Sen. Bernie Sanders (I-Vt.) could not believe California Democrats squashed a $400 billion universal healthcare plan.
“I am extremely disappointed that the Speaker of the California Assembly is refusing to allow S.B 562, the Single Payer Health Care bill passed by the State Senate, to come to the Assembly floor for a vote,” Sen. Sanders tweeted.
“At a time when the United States is the only major country on earth not to guarantee health care for all, and when tens of millions of Americans are uninsured or underinsured because of outrageously high costs, California has the opportunity to lead this nation in a very different health care direction,” Sanders added. “The eyes of the country are on California.”
Deborah Burger, RN, co-president of the California Nurses Association, accused Assembly Speaker Anthony Rendon (D) of “acting in secret in the interests of the profiteering insurance companies.”
“The people of California are counting on the legislature to protect them now, not sometime next year, and as polls have shown Californians support this proposal by a wide majority,” Burger continued. “Thousands of Californians have been in motion for guaranteed healthcare. They are not finished.”
SB 562 sponsors Sen. Ricardo Lara (D) and Sen. Toni G. Atkins (D) said they were disappointed Rendon pulled the healthcare package from the legislative calendar.
“This issue is not going away, and millions of Californians are counting on their elected leaders to protect the health of their families and communities,” Lara and Atkins said in a joint statement. “We will not turn our backs on this matter of life or death for families.”
“Continuing the push for universal healthcare has never been more critical with Congress possibly days from voting on one of the cruelest bills in our nation’s history, which will lead to millions of the poorest Americans losing insurance, soaring costs for older and sicker people, and terrible budget choices for our state,” Atkins and Lara added.
But it could be that Lara, Atkins, Burger and Sanders are overestimating public support for the idea of state-run health insurance for all.
A month before Rendon killed it, California voters said they liked the idea of universal healthcare. But then they found out a new 15 percent payroll tax was part of the package.
“What I see in the polls that have been released so far is that the support for single-payer is fragile,” Melissa Michelson, a professor of politics at Menlo College, told the Mercury News. “People like the idea of the government providing health insurance. But as with any program, they don’t really want to have to pay for it.”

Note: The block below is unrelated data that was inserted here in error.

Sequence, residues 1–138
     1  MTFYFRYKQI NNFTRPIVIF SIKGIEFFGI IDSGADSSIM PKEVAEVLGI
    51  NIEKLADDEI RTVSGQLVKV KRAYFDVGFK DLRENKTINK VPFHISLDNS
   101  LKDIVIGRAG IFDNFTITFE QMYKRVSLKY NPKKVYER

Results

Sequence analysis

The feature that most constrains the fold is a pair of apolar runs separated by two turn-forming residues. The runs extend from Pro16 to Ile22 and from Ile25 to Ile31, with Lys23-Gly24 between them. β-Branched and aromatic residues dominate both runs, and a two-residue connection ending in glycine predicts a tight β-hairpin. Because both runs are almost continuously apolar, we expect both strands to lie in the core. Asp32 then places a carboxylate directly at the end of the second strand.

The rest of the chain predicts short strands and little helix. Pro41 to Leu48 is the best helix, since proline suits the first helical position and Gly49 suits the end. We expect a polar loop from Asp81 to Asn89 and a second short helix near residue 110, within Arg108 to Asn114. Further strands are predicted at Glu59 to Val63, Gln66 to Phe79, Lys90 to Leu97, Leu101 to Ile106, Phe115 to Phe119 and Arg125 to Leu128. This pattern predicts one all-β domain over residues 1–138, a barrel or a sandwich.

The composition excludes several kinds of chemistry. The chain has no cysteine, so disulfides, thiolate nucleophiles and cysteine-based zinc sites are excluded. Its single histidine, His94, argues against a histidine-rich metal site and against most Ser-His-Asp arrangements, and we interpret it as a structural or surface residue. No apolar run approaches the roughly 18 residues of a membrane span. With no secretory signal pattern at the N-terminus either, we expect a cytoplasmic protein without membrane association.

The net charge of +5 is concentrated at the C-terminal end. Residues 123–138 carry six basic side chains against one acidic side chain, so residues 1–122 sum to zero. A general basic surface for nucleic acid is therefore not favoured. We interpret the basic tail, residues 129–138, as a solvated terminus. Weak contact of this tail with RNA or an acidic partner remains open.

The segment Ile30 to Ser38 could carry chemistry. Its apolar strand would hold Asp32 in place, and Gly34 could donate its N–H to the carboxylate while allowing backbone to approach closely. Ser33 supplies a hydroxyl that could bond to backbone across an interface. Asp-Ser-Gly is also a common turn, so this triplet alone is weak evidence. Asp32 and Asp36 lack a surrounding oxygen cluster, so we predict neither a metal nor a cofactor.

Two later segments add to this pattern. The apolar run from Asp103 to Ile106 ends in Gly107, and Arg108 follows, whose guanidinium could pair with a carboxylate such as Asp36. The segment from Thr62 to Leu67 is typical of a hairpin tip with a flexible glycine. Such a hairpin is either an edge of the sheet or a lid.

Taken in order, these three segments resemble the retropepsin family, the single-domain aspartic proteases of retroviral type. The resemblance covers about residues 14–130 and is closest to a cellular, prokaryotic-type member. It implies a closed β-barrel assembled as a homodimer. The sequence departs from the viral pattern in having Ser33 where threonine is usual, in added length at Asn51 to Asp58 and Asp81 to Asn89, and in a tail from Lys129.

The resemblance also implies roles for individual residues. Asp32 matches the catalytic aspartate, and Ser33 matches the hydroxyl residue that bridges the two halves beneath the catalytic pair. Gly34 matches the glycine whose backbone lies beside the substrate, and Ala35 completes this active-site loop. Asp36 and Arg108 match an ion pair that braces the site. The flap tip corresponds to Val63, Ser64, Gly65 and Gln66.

Rendon squashed the proposal June 23. It wasn’t that he didn’t like the concept. Like many of his fellow Democrats, Rendon said he was concerned by a “cynical plan to repeal the Affordable Care Act” offered by U.S. Senate Republicans.
But at the same time, Rendon said his fellow Democrats had put together a plan which “didn’t make any sense.”
“It just didn’t seem like public policy as much as it seemed a statement of principles,” Rendon said. “It does not address many serious issues, such as financing, delivery of care, cost controls, or the realities of needed action by the Trump administration and voters to make SB 562 a genuine piece of legislation.”
Rendon also pointed out that because California lawmakers are only in the first year of a two-year session, they have plenty of time to work on a better universal healthcare proposal.
“The Senate can use that time to fill the holes in SB 562 and pass and send to the Assembly workable legislation that addresses financing, delivery of care, and cost control,” Rendon said.
However, to assume universal healthcare died because of policy details would be like blaming the death of a patient on the common cold.
The end of universal healthcare in California was brought on by much more than the devilish details and the daunting arithmetic of this massive switch in healthcare policy. It was pure politics.
The Sacramento Bee reported that the nurses’ unions and supporters of Bernie Sanders pushed hard for a strong universal healthcare program. They considered it a cornerstone issue for the Democratic Party and warned of intense public relations campaigns against any Democrat who didn’t support SB 562.
Threats of political reprisals may have seemed like a good idea at the time. But Rendon said all the warnings did was prompt him to pull the bill off life support.
“For me, it’s important that our members are in a place where they don’t have to face those threats,” Rendon said.
David Townsend, a political consultant who works with Democrats, praised Rendon’s decision to kill the universal healthcare legislation.
“The speaker called bullshit,” Townsend said. “More power to him.”